CBS Corp. (CBS), locked in a fee dispute with Time Warner Cable Inc. (TWC), said second-quarter profit rose 11 percent, spurred by higher rates from pay-TV systems and new Internet streaming agreements.
Net income increased to $472 million, or 76 cents a share, from $427 million, or 65 cents, a year earlier, New York-based CBS, owner of the most-watched TV network, said yesterday in a statement. Analysts had forecast 72 cents, the average of 27 estimates compiled by Bloomberg.
To increase revenue and reduce its dependence on advertising, CBS is demanding cable and satellite-TV services pay higher fees to retransmit the company’s broadcast and cable programming to subscribers. That’s led to conflicts such as the current dispute with Time Warner Cable that saw some pay-TV customers briefly lose service this week.
“We are well on our way to another record-setting year,” Chief Executive Officer Leslie Moonves said on a conference call. “Our programming is commanding top dollar across every platform and our non-advertising revenue sources are more and more meaningful all the time.”
Second-quarter sales increased 11 percent to $3.7 billion, compared with the $3.51 billion average of 24 estimates. In the past year, the company signed streaming agreements with Netflix Inc. (NFLX), Amazon.com Inc.’s LoveFilm and Hulu LLC.
The NCAA men’s college basketball championship known as March Madness aired during the period, later than a year ago, contributing to higher advertising.
“Ad trends remain consistently strong,” Paul Sweeney, an analyst with Bloomberg Industries, said in an e-mail. “Domestic and international syndication continues to be a bright spot, and retransmission fees represent a second revenue stream with plenty of runway ahead.”
The company is selling its billboard operations in Europe and Asia to Los Angeles-based private equity firm Platinum Equity LLC for about $225 million. The sale comes as CBS plans to split off its U.S. billboard unit, convert it to a real estate investment trust and sell shares in the new entity.
During the quarter, non-advertising sources of revenue increased to 43 percent of total sales compared with 30 percent in past years, Moonves said on the call. As CBS relies less on advertising, an economically sensitive source of revenue, the company will re-evaluate its debt ratios, Chief Operating Officer Joe Ianniello said.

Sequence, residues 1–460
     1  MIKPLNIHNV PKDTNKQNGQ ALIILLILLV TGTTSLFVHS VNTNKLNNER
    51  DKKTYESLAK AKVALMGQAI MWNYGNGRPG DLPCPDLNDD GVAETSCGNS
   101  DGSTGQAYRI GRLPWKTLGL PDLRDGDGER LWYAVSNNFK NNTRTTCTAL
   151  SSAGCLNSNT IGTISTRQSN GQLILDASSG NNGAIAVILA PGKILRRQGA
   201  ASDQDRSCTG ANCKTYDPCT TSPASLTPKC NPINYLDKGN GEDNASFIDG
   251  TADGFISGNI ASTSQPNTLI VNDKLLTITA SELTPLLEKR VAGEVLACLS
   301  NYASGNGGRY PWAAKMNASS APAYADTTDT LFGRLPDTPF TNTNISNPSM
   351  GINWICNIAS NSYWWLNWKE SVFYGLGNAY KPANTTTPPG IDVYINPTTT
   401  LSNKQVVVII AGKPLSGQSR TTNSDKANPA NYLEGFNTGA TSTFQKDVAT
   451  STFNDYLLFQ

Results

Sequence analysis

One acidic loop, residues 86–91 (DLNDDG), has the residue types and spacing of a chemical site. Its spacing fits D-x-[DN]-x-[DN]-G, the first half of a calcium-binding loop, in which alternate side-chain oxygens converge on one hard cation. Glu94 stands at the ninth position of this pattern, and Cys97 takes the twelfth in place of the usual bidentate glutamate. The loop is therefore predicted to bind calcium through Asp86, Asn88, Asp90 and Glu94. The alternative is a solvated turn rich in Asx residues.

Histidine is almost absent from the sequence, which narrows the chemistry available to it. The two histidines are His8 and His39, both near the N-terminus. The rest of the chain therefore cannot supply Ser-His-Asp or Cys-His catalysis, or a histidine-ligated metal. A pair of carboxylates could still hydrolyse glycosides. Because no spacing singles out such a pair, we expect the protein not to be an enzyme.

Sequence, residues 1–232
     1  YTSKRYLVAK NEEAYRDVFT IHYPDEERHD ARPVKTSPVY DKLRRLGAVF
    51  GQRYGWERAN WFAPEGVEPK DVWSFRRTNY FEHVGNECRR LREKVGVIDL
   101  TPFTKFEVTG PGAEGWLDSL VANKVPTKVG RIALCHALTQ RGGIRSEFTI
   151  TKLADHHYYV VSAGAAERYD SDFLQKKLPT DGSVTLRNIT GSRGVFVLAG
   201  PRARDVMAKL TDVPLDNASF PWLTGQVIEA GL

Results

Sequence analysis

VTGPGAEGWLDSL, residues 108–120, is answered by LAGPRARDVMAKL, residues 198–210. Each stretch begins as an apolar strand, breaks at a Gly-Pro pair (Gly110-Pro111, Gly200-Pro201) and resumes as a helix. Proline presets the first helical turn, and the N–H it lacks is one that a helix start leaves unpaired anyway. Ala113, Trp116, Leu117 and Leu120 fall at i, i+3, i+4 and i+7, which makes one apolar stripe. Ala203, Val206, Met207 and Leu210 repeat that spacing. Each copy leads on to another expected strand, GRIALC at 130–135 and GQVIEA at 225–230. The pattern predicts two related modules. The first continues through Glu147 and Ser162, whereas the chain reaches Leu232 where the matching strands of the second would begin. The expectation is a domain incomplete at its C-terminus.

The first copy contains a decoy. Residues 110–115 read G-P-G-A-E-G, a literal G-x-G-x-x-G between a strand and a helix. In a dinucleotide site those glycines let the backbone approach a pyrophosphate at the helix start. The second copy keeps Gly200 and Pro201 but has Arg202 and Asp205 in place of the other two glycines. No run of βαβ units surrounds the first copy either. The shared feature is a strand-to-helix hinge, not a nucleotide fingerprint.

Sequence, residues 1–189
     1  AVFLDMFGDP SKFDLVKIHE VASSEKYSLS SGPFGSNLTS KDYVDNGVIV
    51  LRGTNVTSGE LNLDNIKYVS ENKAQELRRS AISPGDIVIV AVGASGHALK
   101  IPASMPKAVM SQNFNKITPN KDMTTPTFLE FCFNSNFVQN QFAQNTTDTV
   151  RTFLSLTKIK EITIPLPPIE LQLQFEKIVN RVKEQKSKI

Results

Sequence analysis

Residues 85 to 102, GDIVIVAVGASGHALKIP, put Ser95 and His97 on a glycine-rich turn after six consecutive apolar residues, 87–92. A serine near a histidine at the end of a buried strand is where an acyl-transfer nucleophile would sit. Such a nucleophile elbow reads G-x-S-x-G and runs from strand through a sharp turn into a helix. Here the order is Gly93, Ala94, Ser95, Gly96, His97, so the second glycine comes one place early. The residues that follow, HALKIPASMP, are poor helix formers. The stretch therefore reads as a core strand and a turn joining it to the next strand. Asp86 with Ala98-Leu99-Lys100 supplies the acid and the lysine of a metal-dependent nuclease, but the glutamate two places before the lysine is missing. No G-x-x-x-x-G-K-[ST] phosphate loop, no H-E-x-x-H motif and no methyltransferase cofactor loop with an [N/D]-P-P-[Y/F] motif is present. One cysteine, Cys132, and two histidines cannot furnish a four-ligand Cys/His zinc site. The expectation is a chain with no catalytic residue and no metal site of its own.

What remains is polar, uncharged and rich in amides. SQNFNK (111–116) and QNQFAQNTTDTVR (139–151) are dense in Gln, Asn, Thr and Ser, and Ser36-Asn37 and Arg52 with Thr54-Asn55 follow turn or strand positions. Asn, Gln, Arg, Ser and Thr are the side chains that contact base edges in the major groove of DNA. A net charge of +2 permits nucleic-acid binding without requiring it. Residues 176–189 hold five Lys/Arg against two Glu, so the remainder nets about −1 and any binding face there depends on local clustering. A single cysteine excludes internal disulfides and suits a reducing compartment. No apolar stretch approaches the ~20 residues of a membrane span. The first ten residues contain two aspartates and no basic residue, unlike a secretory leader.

The company had long-term debt of $5.95 billion as of June 30, according to the statement.
Profit at CBS’s entertainment division, which includes the broadcast network, increased 1.6 percent to $391 million, fueled by an 18 percent jump in sales to $2.01 billion. Revenue from licensing of reruns and pay-TV fees soared.
“It was clearly the entertainment division” that led CBS to exceed expectations, David Bank, an analyst at RBC Capital Markets in New York, wrote in an e-mail. Bank recommends buying CBS shares. “That was a combo of retrans and digital distribution.”
CBS and Time Warner Cable agreed to extend their negotiations for a new contract until 5 p.m. New York time on Aug. 2.
Income at CBS’s cable division, home to its Showtime premium cable channel, rose 10 percent to $202 million on sales that increased 16 percent. Local broadcasting, which includes the company’s TV and radio stations, boosted profit by 4 percent as revenue fell.
CBS’s Simon & Schuster publishing division almost tripled profit to $20 million as sales were unchanged.
“Simon & Schuster is a great content business for us and fits very well inside CBS,” Moonves said.
The company, which has announced a $5.1 billion increase to its share buyback program, plans to continue to use excess cash for repurchases, Ianniello said.
“They continue to return gobs of cash to shareholders,” Sweeney said.
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